Updated: Jun 1, 2021
This Week's Scripture & Reflection: Philippians 4:10-13
Adaptability. If you’ve ever applied for a job, I’m sure you’ve included this word or its adjective form, adaptable, somewhere in your application, resume, or cover letter. Among your many skills and qualifications, it’s the one particular skill that you truly want your potential employer to know that you have, especially considering that if given the opportunity, you’ll be transitioning from one work environment to a new one. Adaptability (Shelton, 2018) can be defined as the quality of being able to adjust to new conditions. It’s a great skill to possess, not only for the workforce but for life!
To become truly adaptable, to be able to adjust to new conditions, you must first be exposed to new conditions. My ability to adapt has not truly been tested if I haven’t first experienced some form of change, shift, or transition in my life. By virtue of living in a world that is constantly changing, I’m sure you’ve already experienced some form of transition or change before, whether you took the initiative to make that change yourself or whether the circumstances forced you to. Being exposed to new conditions is only the first step, then begs the question: what enables or helps me to adjust to those conditions, successfully at that? Oftentimes just being in a different environment or in unfamiliar conditions sort of forces you to adjust. As believers, however, I'm sure that we can testify that it ultimately isn't something that helps us to adjust during seasons of transition, but a very specific someone.
In Philippians 4, the apostle Paul is expressing his gratitude to the saints of Philippi for their generous financial contributions which they sent to him through Epaphroditus, Paul's fellow worker and soldier in the kingdom of God (cf. 2:25). Paul clarifies to the Philippians that while he is grateful for their gifts, he is not writing to them from a place of need, although he is sitting in a Roman prison, for he has "learned to be content in whatever circumstances" he is in. Notice how Paul says that he has "learned" how to be content. This state of contentment was not something that was innate to him. Paul learned how to be content, or satisfied and self-sufficient, by enduring seasons of both scarcity ("I know how to get along with humble means...") and abundance ("...and I also know how to live in prosperity.") As a result, Paul confidently declares, "...in any and every circumstance I have learned the secret of being filled and going hungry, both of having abundance and suffering need."
What is this secret Paul is referring to? The Amplified Version expands it to "...the secret [of facing life]". What then is the secret to facing life despite any circumstance? The secret is a Person! Through seasons of abundance, scarcity, and everything in-between, Jesus remained the only constant in the apostle Paul's life! There was nothing in and of Paul's self that enabled him to adjust and live under various conditions. Rather, it was Jesus Christ who supernaturally empowered Paul to live contently in whatever state he was in! That's why Paul could boldly declare, "I can do all things through Him who strengthens me."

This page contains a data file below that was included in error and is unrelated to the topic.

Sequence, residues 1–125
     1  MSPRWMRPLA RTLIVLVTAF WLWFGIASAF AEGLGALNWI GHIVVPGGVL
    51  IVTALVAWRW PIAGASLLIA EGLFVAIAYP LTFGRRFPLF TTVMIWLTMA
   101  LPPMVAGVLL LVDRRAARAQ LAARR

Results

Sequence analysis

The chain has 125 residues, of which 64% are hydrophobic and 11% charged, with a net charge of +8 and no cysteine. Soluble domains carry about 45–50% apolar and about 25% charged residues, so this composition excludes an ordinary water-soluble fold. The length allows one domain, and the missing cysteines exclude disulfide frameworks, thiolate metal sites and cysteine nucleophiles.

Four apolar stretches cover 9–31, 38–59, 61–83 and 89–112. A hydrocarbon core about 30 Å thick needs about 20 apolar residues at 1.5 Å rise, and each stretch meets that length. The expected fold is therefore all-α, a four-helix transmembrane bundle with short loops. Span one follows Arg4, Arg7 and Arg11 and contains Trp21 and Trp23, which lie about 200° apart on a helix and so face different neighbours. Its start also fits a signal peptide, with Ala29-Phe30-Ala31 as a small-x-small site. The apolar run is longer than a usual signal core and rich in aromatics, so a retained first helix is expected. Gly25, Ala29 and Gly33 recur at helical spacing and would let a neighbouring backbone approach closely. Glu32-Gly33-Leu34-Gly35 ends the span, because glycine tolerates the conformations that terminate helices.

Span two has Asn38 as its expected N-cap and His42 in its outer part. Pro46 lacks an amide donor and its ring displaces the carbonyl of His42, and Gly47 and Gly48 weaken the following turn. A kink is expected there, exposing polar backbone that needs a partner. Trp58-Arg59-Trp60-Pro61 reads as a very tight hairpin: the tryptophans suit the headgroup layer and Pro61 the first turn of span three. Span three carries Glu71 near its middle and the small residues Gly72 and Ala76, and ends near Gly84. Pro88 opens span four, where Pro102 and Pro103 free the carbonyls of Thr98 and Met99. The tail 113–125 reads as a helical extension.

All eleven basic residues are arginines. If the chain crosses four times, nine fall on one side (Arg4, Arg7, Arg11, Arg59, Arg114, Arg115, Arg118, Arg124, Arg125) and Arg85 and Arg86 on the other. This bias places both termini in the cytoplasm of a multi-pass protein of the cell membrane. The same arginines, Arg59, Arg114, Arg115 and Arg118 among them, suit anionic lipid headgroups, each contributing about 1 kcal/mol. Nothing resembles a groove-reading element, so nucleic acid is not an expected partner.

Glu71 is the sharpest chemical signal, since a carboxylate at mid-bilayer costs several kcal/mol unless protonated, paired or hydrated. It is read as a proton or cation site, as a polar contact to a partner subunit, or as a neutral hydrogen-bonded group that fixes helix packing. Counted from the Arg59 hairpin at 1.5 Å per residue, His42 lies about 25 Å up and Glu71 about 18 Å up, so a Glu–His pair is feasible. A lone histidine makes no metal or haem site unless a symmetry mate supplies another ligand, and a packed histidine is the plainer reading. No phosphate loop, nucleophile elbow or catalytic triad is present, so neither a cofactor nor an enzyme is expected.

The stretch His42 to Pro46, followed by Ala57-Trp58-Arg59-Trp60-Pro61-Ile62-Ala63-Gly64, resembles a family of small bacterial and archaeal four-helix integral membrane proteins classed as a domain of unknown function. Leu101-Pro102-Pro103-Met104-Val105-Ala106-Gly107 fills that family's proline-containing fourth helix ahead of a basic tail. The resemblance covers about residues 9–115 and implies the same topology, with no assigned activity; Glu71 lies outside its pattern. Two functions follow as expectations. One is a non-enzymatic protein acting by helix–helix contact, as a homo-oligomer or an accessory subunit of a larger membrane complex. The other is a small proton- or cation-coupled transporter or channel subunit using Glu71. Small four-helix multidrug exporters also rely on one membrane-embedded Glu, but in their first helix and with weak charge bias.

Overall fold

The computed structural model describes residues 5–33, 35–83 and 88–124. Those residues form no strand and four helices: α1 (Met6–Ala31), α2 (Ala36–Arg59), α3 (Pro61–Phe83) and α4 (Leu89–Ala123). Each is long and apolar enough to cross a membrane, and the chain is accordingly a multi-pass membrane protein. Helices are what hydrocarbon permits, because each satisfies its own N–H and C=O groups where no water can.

The subject of verse 13 is not personal ambition; this is not a verse to recite or meditate upon when you are applying for a job, competing in a sport or contest, or working towards achieving a goal! The subject of Philippians 4:13 is Jesus Christ, who supernaturally empowers us as believers to live contently in whatever state of life that we are currently living in, and will endure in the future! Understand that as a human being, you were born with certain innate actions and behaviors, such as crying, sneezing, sleeping, etc. These are actions that you came out the womb doing naturally; no one had to teach them to you nor did you "learn" how to do them. In contrast, there are certain skills, behaviors, and dispositions that we must learn how to take on and develop; adaptability is one of those skills, and contentment is one of those dispositions.
We learn how to adapt and how to be content in whatever state of life that we are in by experiencing seasons of various kinds. Learning contentment in seasons of humble means teaches us how to manage seasons of wealth and prosperity and vice versa! Therefore, do not despise your current state! The same Lord Jesus Christ who you need to empower you to live contently in humble means is the same Lord you will need to empower you to live contently in abundance. Our lives remain in a constant cycle of change, regardless of whether we choose to adapt to that change or not. Therefore, be strengthened and uplifted in the power of the One who changes not (cf. Malachi 3:6)! You'll be able to encourage yourself and others with the words of Ezra the priest: "...the joy of the Lord is your (my) strength" (cf. Nehemiah 8:10).
Shelton, A. (2018, July 6). The Importance of Adaptability. Retrieved from Amplified Digital Agency: https://amplifieddigitalagency.com/adaptability/